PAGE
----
Manuela Sann , 1 , 2 , 3 , Oliver Niehuis 2 , 3 , Ralph S. Peters 4 , Christoph Mayer 2 , Alexey Kozlov 5 , Lars Podsiadlowski 2 , Sarah Bank 6 , Karen Meusemann 2 , 3 , Bernhard Misof 2 , Christoph Bleidorn 6 , 7 , Michael Ohl , 1
18 May 2018
Apoid wasps and bees (Apoidea) are an ecologically and morphologically diverse group of Hymenoptera, with some species of bees having evolved eusocial societies. Major problems for our understanding of the evolutionary history of Apoidea have been the difficulty to trace the phylogenetic origin and to reliably estimate the geological age of bees. To address these issues, we compiled a comprehensive phylogenomic dataset by simultaneously analyzing target DNA enrichment and transcriptomic sequence data, comprising 195 single-copy protein-coding genes and covering all major lineages of apoid wasps and bee families.
Our compiled data matrix comprised 284,607 nucleotide sites that we phylogenetically analyzed by applying a combination of domain- and codon-based partitioning schemes. The inferred results confirm the polyphyletic status of the former family “Crabronidae”, which comprises nine major monophyletic lineages. We found the former subfamily Pemphredoninae to be polyphyletic, comprising three distantly related clades. One of them, Ammoplanina, constituted the sister group of bees in all our analyses. We estimate the origin of bees to be in the Early Cretaceous (ca. 128 million years ago), a time period during which angiosperms rapidly radiated. Finally, our phylogenetic analyses revealed that within the Apoidea, (eu)social societies evolved exclusively in a single clade that comprises pemphredonine and philanthine wasps as well as bees.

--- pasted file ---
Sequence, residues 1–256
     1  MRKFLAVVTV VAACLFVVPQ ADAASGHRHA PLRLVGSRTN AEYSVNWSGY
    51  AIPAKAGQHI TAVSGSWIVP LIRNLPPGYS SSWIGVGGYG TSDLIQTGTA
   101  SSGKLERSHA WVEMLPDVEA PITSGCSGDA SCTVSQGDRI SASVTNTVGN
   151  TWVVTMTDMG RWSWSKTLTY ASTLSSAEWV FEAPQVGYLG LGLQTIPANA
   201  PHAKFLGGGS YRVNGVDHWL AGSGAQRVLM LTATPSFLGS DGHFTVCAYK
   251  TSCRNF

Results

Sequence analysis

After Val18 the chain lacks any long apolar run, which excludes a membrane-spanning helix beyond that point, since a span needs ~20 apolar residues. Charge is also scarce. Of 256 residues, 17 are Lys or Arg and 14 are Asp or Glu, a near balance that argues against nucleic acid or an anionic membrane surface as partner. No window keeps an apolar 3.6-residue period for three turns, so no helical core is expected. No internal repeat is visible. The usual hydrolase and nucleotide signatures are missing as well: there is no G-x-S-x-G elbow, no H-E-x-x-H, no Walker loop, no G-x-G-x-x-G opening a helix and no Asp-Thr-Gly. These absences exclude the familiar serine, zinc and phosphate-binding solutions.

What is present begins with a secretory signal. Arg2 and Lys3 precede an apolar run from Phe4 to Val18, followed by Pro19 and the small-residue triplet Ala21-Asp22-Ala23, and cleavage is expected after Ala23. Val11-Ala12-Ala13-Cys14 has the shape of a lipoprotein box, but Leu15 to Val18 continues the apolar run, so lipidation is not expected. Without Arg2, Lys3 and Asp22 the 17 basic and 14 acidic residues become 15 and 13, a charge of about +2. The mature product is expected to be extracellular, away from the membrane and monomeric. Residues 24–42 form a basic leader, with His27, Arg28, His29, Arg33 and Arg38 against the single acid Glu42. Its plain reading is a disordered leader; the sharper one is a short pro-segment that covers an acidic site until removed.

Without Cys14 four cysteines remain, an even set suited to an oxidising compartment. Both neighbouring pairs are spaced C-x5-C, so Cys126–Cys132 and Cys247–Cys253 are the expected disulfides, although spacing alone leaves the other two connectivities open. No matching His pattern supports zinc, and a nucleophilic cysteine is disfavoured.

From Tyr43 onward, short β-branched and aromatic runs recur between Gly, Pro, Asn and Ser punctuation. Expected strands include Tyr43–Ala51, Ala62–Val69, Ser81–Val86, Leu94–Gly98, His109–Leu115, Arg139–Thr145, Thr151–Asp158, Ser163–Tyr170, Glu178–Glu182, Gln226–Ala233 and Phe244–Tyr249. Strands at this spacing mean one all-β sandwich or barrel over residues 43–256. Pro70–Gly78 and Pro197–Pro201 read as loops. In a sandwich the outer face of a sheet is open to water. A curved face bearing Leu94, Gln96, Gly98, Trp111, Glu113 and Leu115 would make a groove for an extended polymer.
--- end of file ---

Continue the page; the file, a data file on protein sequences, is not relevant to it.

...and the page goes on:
By combining transcriptomic sequences with those obtained via target DNA enrichment, we were able to include an unprecedented large number of apoid wasps in a phylogenetic study for tracing the phylogenetic origin of bees. Our results confirm the polyphyletic nature of the former wasp family Crabonidae, which we here suggest splitting into eight families. Of these, the family Ammoplanidae possibly represents the extant sister lineage of bees. Species of Ammoplanidae are known to hunt thrips, of which some aggregate on flowers and feed on pollen. The specific biology of Ammoplanidae as predators indicates how the transition from a predatory to pollen-collecting life style could have taken place in the evolution of bees. This insight plus the finding that (eu)social societies evolved exclusively in a single subordinated lineage of apoid wasps provides new perspectives for future comparative studies.